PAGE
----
A massive earthquake has rocked California; the world has broken down and chaos reigns. Gangs have taken over large parts of Los Angeles and fight turf battles to protect what is theirs. One of those gangs is the Kings of HELL.A. How does it fare?
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Writer Lee Bermejo and artist Alessandro Vitti dive into a completely new story in [easyazon_link identifier=”B01DO9387U” locale=”US” tag=”bounintocomi-20″]Suiciders: Kings of HELL.A. #1[/easyazon_link] with a brand new protagonist. However, not all of the old gang is gone and the Suiciders cast a shadow over the Kings of HELL.A.
The story begins as all of our stories begin, with a birth: the birth of a ruined city and the birth of a young girl. Bermejo does an excellent job in the opening sequence of introducing us to this desolate and violent world and mirroring both the birth of the child and the birth of this new city. It sets the stage to see the city change and adapt with the will of the child.
Not only is the child born into this chaotic world, but Bermejo crafts an even more traumatic origin. Although it is unoriginal, it reinforces the harshness of the world and the finality of death. Unfortunately, the extra trauma is never discussed in this first issue; it just happens to add further shock. We never see how it actually affects the character. It almost seems superfluous to the story and unnecessary because the after effects aren’t shown.
After the introduction, Bermejo jumps forward 15 years and really dives into the characters and further explores the world. The world is full of rival gangs that rule through brute force. Bermejo reiterates this point over and over again with the assistance of Vitti’s artwork. Violence rules the day in resolving disputes whether it is tossing off a corporation lackey from the gang’s territory, to bullying an old-timer to giving up his weapons, to an all-out gang battle. The strong wield power and only the strong survive.
There are some personal moments and Bermejo focuses on two primary relationships. The first is a forbidden love interest which does a great job of humanizing Trix, the female protagonist. But what it really shows is that these gang members are still young kids who are trying to be kids whether it is enjoying some skateboard time or sneaking around with a boy.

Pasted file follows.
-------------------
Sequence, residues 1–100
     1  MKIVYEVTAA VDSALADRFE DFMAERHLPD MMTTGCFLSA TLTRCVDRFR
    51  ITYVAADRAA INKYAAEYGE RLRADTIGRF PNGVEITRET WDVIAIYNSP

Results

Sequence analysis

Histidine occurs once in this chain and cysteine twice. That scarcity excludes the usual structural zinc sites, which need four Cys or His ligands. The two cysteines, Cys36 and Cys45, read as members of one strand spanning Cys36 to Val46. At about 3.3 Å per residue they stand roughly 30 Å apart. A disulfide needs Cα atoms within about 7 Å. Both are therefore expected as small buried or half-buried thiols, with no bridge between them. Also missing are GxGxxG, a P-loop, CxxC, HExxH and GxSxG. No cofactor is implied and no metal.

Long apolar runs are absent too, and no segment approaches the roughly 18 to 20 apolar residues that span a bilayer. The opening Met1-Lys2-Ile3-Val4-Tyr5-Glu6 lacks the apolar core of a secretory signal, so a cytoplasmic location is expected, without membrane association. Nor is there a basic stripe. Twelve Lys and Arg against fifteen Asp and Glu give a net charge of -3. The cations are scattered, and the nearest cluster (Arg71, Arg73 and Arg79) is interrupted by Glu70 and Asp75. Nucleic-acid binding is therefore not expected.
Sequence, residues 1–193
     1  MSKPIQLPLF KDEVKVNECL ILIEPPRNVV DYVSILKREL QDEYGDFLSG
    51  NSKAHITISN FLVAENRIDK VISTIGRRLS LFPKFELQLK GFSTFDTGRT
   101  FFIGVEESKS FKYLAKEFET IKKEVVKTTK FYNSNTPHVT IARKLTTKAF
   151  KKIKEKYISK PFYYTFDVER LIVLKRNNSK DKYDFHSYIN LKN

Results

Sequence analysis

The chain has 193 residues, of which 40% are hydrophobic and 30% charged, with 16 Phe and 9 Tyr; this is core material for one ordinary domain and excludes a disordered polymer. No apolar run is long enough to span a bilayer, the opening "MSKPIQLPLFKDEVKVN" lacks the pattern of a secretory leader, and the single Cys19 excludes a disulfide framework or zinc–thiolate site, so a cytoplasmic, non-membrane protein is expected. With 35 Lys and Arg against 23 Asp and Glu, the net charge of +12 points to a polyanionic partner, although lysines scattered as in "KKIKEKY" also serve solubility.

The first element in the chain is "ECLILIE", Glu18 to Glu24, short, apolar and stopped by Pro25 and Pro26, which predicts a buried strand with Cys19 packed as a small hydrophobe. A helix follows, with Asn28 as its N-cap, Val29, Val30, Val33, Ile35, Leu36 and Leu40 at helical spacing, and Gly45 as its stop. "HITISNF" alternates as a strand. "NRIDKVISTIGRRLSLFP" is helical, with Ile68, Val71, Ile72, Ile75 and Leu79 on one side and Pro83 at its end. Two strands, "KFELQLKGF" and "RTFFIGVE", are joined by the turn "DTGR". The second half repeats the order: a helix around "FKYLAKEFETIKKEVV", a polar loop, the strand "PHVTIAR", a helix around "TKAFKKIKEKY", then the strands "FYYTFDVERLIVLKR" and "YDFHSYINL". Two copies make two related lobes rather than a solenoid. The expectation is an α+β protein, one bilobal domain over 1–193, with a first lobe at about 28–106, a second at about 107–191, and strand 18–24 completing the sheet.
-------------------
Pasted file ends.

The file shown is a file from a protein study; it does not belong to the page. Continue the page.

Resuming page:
The second relationship is with her brother. He is the leader of the Kings of HELL.A. and expects his commands to be followed. He is also extremely overbearing and protective of Trix. You can feel the tension between the two. It will be an interesting dynamic to follow as the series continues, especially given certain panels and the closing dialogue hinting at something her brother might not approve of.
Those certain panels also seem radically out of place given the violent action scenes taking place all around them. It is quite confusing figuring out why they are even included or how it is actually happening. It does make you want to keep reading to figure out how it happened.
Vitti’s artwork is solid. He does a fantastic job of capturing the absolute horror of the gang fights. He includes small details like a tongue stuck out of Trix’s brother’s mouth as he slits open an enemy member’s throat. It captures her brother’s bloodlust and sheer craziness as he loses himself in the combat.
Some of the combat panels do feel out of place. There is a two-page horizontal panel depicting two gangs charging at each other as if the combat is just about to take place. However, the combat has been happening for a full three pages before this one. It doesn’t really make sense with its placement.
[easyazon_link identifier=”B01DO9387U” locale=”US” tag=”bounintocomi-20″]Suiciders: Kings of HELL.A. #1[/easyazon_link] is a good introduction to the Suiciders world. It captures the brutality of gang warfare, does a good job of introducing characters, has solid world building, and has depth with hints of subthemes regarding birth and family. You won’t go wrong picking this book up if you are looking for a solid mature dystopian.
- Subthemes of birth and family
- Good characterization and introduction of relationships
- Solid world building
- Out of place combat panels
- Superfluous, violent scenes that are never seen truly impacting the characters
- Unexplained and seemingly randomly placed sexual panels